“The Buried Life”
The Times article says that excess smartphone use has stopped couples from having conversations, and the writer mentions a book titled Reclaiming Conversation: The Power of Talk in a Digital Age. However, one cannot “reclaim” what one never really had to begin with. The problem of people’s not speaking satisfyingly with each other, of being unwilling or unable to talk, has been around for a very long time; it far predates smartphones. It used to be said (and truly) that people watched television rather than talking with each other. And long before that, and after, there have been painful yet taken-for-granted silences at dinner tables; or people not listening while another talked; or people shouting at each other. If people really liked talking with each other, no smartphone would stop them.
The poet Matthew Arnold lived from 1822 to 1888. He never owned a smartphone, though today his words can be found readily on one. In his poem “The Buried Life” he writes about the inability of people close to each other to express themselves to each other. For example:
Alas! is even love too weak
To unlock the heart, and let it speak?
Are even lovers powerless to reveal
To one another what indeed they feel?
Arnold didn’t know the cause—as today people with smartphones in their hands do not. It is explained by Eli Siegel in his great essay “The Ordinary Doom” and its Preface. In the following graceful, vivid sentences is the reason a person is using a smartphone to evade that showing of oneself and knowing another which constitute real conversation:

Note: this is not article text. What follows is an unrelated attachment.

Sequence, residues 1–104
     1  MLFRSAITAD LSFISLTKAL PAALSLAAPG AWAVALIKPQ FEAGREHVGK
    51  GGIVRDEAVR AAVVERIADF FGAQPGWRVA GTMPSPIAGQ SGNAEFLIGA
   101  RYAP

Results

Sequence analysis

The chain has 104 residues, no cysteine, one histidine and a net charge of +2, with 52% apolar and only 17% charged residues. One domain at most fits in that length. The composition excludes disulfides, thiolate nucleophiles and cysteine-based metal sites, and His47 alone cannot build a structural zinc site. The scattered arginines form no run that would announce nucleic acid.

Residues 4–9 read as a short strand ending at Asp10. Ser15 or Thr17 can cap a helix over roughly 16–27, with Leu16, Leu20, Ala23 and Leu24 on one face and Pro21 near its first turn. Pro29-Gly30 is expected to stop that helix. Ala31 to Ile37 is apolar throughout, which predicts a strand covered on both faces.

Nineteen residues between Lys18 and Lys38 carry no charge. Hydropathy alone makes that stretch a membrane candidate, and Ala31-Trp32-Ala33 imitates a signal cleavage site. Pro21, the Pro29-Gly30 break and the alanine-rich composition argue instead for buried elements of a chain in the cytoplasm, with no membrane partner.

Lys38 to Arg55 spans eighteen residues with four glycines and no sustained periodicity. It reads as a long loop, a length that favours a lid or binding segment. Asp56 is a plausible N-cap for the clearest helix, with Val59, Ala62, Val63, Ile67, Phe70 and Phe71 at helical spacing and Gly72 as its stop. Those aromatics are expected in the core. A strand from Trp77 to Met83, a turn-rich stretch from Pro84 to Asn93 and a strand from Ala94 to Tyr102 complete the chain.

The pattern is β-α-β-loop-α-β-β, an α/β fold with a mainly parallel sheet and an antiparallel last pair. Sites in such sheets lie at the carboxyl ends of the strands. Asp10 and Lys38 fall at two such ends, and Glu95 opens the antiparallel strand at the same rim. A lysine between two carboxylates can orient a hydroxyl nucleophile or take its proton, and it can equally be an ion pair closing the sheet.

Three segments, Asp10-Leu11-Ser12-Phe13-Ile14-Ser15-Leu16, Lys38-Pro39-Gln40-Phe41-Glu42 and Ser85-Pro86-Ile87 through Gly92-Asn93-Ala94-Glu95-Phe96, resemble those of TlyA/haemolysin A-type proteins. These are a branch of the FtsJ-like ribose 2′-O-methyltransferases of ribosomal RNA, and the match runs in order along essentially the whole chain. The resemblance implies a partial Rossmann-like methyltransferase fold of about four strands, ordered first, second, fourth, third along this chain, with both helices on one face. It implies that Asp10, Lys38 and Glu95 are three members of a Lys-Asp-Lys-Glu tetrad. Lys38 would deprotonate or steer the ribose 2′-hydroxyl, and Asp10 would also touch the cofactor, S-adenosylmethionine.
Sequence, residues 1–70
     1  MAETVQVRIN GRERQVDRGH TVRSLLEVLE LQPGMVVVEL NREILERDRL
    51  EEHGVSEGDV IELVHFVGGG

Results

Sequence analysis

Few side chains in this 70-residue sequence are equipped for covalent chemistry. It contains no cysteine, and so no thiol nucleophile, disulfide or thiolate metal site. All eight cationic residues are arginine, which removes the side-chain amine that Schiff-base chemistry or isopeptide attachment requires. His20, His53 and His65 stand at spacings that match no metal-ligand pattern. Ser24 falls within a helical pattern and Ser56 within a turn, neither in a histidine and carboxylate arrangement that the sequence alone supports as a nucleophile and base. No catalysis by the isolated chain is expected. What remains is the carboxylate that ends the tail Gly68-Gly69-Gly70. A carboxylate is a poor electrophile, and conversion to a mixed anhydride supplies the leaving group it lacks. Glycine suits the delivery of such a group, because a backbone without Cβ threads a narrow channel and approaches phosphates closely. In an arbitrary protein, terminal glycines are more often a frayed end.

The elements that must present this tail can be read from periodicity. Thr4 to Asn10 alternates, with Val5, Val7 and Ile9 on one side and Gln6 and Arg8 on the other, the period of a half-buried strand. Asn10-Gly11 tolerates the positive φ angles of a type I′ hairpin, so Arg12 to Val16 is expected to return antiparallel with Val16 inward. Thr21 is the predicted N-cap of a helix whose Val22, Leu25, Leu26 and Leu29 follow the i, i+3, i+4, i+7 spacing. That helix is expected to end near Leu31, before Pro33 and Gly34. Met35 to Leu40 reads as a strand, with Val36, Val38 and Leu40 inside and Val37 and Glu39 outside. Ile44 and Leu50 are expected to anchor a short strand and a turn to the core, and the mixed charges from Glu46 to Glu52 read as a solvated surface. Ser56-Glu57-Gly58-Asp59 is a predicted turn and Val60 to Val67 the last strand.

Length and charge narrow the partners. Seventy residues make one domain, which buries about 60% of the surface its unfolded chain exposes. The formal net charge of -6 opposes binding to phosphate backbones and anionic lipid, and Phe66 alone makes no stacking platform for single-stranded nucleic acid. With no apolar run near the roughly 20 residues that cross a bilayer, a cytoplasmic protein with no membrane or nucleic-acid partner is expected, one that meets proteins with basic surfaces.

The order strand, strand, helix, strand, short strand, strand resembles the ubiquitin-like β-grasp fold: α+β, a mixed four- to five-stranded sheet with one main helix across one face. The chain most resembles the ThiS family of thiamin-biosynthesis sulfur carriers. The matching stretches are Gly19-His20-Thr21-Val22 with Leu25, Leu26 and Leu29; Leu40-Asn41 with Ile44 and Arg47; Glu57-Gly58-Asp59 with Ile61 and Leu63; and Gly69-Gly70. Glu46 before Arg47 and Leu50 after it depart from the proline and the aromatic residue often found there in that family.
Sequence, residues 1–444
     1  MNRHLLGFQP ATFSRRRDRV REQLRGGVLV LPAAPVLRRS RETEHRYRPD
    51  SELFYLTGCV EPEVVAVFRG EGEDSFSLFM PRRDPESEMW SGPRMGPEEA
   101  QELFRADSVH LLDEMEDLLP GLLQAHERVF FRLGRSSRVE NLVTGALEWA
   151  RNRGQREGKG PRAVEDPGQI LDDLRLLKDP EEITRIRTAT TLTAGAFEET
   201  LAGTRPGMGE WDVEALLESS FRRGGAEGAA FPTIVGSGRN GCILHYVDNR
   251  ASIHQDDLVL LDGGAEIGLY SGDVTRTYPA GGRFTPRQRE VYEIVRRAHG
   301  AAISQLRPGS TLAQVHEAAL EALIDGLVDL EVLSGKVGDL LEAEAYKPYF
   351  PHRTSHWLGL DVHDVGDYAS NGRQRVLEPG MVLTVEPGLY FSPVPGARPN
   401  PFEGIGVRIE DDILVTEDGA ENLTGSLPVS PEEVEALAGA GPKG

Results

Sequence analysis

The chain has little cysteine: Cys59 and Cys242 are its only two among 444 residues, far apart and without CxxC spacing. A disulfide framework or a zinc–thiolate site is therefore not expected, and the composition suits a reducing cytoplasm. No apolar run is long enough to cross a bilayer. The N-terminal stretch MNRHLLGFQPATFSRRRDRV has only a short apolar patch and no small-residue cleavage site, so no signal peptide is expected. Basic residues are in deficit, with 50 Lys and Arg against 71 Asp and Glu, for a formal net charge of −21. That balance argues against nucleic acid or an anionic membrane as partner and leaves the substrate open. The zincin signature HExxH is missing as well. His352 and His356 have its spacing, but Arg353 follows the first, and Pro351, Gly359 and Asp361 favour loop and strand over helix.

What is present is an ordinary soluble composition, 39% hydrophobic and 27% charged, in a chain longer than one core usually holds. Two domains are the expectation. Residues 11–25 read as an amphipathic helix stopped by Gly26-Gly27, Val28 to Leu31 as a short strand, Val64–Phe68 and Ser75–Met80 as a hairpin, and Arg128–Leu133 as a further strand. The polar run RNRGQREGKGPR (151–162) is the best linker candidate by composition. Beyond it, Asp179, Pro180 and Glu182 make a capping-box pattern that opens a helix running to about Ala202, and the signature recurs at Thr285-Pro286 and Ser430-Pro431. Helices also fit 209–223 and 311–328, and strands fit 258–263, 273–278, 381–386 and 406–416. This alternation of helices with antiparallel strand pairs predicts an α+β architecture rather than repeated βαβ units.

We haven’t yet come to the courage needed to have ourselves be seen and to see another fully....We have to think that what is to know us deserves to know us before candor will be cared for by us adequately or used adequately. Our attitude to the world is still one of fear, one of contempt, and one of aloofness. This means that whomever we know, our attitude to that person will be one of fear, contempt, aloofness....To know a person is to know the universe become throbbingly specific. It is always the universe on two feet, with two eyes, and an articulate mouth. It is the universe we want to skip.
In the article a “leadership coach” is quoted. How should you encourage your partner to interact with you rather than with his phone? “Emphasize the benefits of being more connected,” the coach says. But the “benefits” won’t be presented in a way that’s convincing unless the presenter herself is convinced that knowing the world and showing oneself to it is wise and thrilling. To something in the self, to have oneself, unruffled, unstirred, while seeming to take part in things, dwarfs every other benefit. That’s because, as Mr. Siegel explains, if we don’t like the world we won’t want to meet it with a certain fullness.
This fake joining of opposites—being somewhat “connected” with the world but aloof from it—also affects the kind of reading often done on a smartphone: the skimming, the jumping from one link to another, the “surfing,” the feeling that nothing deserves more than a few moments’ attention. In keeping with the opposites Mr. Siegel discusses in the lecture on reading: smartphone reading often has a bad randomness—bad because, while we’re meeting many things, nothing holds us, nothing does very much to us.
A Beautiful Fear—& Hope
There is a beautiful fear that can drive people to their smartphones with perhaps undue frequency. They are afraid of how they separate themselves from the world, afraid of being locked in themselves—and through their phones they feel some relation to the wide outside world. But we need to love our relatedness to things. We need to see that through knowing what’s not ourselves we take care of ourselves, are ourselves. When we see this, not only will phones be smart but our use of them will be too. The study of Aesthetic Realism makes that seeing possible at last, to the grand benefit of people’s lives, expression, and kindness.